IMF: Canadian economy facing risks to competitiveness following US tax reforms
In its Concluding Statement of the 2018 Article IV Mission, the International Monetary Fund (IMF) has stated that the Canadian economy needs to look at addressing its own tax policy after the US corporate tax reductions are continuing to threaten the country’s national competitiveness.
“Growth has been robust and a key domestic vulnerability has moderated somewhat, as the housing market is finally showing signs of cooling down in response to several rounds of macroprudential measures and monetary tightening,” the IMF aid.
Canada is considering imposing a new digital tax for technology giants
BC government and Airbnb to collect taxes to finance affordable housing
“However, economic anxiety is high due to trade tensions, uncertainty about the outcome of NAFTA negotiations, and the impact of the US Tax Cuts and Jobs Act on Canada’s medium-term competitiveness.”
The IMF states that Canada should capitalize on the country’s current favorable economic environment, driven by higher oil prices and stronger exports, to make headway with structural reforms in the aim of boosting its international competitiveness.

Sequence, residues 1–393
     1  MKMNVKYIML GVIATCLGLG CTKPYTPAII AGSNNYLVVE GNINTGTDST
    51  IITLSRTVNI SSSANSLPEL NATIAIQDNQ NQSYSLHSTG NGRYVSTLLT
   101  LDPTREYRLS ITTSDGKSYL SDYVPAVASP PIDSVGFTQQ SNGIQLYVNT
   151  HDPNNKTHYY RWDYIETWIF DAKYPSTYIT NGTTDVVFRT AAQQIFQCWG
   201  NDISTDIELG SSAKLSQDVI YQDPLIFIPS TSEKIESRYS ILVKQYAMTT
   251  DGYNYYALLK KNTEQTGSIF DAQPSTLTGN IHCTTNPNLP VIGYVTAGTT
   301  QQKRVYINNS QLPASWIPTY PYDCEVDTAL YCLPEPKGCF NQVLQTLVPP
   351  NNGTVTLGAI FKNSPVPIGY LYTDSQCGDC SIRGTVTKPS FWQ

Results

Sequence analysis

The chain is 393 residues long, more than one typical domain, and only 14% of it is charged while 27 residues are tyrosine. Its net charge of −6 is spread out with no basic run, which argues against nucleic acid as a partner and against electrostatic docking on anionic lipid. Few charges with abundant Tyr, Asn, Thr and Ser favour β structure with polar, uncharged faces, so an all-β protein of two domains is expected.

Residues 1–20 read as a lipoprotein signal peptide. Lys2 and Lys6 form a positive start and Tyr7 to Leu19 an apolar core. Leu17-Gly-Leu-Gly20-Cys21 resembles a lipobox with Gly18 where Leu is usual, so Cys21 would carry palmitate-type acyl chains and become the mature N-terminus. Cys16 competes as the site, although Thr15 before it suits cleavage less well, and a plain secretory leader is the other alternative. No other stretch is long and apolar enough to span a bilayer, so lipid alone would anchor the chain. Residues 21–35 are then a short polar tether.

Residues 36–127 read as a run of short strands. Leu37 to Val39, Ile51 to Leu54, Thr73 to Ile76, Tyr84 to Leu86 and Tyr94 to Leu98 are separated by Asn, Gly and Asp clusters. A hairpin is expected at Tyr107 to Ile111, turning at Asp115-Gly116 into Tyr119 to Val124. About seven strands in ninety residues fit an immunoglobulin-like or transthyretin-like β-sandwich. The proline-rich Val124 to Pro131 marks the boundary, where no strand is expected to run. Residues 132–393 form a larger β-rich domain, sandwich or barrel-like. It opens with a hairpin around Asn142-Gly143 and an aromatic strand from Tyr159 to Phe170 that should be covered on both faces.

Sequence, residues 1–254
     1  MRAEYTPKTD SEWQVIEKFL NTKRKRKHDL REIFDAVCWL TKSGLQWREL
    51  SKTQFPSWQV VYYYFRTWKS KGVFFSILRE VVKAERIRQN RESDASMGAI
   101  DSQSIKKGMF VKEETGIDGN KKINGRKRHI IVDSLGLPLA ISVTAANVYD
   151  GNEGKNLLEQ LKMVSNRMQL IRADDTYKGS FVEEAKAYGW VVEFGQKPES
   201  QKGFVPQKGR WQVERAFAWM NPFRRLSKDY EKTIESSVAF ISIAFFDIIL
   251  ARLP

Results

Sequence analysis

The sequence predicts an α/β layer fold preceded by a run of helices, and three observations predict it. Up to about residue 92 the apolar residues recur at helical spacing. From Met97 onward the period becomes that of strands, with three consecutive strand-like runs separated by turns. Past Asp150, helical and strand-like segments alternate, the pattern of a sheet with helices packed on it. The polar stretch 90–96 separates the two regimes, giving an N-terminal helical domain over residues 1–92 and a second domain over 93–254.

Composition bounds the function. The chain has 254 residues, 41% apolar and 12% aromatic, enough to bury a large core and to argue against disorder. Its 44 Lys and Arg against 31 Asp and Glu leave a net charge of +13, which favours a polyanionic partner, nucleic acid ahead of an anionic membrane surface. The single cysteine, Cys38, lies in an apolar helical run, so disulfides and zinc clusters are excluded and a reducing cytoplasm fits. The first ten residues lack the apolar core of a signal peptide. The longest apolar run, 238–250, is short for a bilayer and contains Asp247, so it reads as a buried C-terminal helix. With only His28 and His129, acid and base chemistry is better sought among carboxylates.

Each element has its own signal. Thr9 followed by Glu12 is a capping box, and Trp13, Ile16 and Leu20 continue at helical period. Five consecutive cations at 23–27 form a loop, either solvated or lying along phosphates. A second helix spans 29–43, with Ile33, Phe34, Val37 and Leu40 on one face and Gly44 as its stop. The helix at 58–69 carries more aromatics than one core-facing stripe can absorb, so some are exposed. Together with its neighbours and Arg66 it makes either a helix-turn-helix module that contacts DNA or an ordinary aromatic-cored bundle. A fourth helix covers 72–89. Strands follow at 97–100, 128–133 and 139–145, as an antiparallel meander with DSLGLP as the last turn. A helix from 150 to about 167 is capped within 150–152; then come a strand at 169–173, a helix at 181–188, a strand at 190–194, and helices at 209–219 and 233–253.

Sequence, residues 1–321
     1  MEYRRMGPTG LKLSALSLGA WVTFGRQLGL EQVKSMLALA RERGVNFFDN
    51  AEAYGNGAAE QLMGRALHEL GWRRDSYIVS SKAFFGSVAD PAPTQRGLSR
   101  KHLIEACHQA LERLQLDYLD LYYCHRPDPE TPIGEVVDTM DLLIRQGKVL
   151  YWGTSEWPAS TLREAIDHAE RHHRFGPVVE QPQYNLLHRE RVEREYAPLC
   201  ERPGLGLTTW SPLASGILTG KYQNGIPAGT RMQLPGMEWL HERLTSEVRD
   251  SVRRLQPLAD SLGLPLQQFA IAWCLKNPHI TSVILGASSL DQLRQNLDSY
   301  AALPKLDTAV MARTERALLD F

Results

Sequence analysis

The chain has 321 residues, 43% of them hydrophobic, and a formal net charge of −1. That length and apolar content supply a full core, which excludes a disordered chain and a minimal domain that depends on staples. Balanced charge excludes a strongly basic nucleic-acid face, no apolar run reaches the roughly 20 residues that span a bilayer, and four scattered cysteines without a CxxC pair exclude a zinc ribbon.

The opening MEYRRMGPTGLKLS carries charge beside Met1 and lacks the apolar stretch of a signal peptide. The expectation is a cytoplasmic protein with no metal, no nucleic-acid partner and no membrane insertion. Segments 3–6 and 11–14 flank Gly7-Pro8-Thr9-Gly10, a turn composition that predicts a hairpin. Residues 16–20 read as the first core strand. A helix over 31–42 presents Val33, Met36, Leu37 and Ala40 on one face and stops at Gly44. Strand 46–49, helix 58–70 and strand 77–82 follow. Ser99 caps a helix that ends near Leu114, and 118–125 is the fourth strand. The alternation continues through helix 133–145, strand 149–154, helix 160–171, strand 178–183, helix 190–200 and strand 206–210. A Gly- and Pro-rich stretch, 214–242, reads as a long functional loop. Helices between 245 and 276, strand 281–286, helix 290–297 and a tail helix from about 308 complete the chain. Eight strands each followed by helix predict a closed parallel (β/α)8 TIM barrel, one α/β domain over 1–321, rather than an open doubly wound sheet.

The country’s economic growth is expected to slow to 2.1% this year, a 0.9% fall from the 3% growth rate recorded in 2017.
Further, the IMF forecasts that Canada is likely to become increasingly vulnerable in the housing market as the national financial industry becomes more readily exposed to household debt that climbed to record highs, alongside corporate debt.
- Replacing NAFTA: what it means for CanadaLeadership & Strategy
- Just 33% of Canadian business directors expect the economy to improve within five yearsLeadership & Strategy
- Feature: An optimistic road ahead for Canadian tradeLeadership & Strategy
- 300% Bombardier CSeries tariffs overruled by the ITCCorporate Finance